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Church of All Saints, Monksilver facts for kids

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Church of All Saints
Stone building with square tower.
Church of All Saints in 2007
General information
Town or city Monksilver
Country England
Coordinates 51°07′43″N 3°19′35″W / 51.1286°N 3.3263°W / 51.1286; -3.3263
Completed 12th century

The Church of All Saints in Monksilver, Somerset, England dates from the 12th century and has been designated by English Heritage as a Grade I listed building. The church has a square west tower, built in the 14th century,


The church shows fragments of 12th-century masonry and the tower at the west end is 14th-century. It is built of red sandstone with a slate roof with decorative ridge tiles. The plan consists of a four bay nave, south aisle, chancel, south chapel and south porch. The tower has three stages with crenelations on top which were added during restoration between 1843 and 1863, at which time the south chapel was also added. There is a ring of five bells including one by Roger Semson of Ash Priors which was cast between 1530 and 1570. The interior is whitewashed, the nave having a wagon roof which is thought to be 13th-century and an alms box by the door is from 1634. There is a 12th-century window on the north side of the chancel. The pulpit is sixteenth-century, the screen is Jacobean and the lectern is possibly older. The south aisle has "some of the most entertaining gargoyles in the county".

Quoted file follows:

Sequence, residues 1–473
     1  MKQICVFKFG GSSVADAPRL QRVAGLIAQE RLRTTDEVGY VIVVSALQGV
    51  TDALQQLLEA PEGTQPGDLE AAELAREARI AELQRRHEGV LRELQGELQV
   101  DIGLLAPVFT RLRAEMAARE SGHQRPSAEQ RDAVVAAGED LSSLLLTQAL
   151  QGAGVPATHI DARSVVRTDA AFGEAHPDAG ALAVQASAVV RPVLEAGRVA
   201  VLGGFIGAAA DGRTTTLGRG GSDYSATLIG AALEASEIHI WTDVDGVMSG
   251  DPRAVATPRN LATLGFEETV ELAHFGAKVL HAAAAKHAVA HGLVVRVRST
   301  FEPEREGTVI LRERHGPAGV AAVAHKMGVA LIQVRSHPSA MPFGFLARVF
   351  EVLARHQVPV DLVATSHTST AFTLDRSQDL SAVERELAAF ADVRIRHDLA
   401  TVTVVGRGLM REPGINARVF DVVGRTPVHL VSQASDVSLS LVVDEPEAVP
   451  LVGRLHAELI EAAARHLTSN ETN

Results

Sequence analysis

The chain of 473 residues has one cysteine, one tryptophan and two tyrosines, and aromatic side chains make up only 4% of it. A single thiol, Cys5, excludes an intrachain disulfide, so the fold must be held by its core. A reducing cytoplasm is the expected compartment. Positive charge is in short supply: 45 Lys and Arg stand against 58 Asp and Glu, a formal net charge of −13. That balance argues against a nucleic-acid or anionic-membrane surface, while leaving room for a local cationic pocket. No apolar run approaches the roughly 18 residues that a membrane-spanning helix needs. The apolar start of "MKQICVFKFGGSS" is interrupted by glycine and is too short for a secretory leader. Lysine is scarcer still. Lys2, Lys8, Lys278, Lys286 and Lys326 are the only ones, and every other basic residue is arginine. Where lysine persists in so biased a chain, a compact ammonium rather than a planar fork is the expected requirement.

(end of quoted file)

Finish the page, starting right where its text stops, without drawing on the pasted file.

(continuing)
The yew tree in the churchyard is believed to date from 1770. There is a historic cross dated 1863 in the churchyard, just south of the chancel, which is a Grade II listed structure.

In 1583 the church was the venue for the marriage of Sir Francis Drake and his second wife Elizabeth Sydenham of nearby Combe Sydenham in the parish of Stogumber.

The parish is part of the Quantock Towers benefice within the Quantock deanery.

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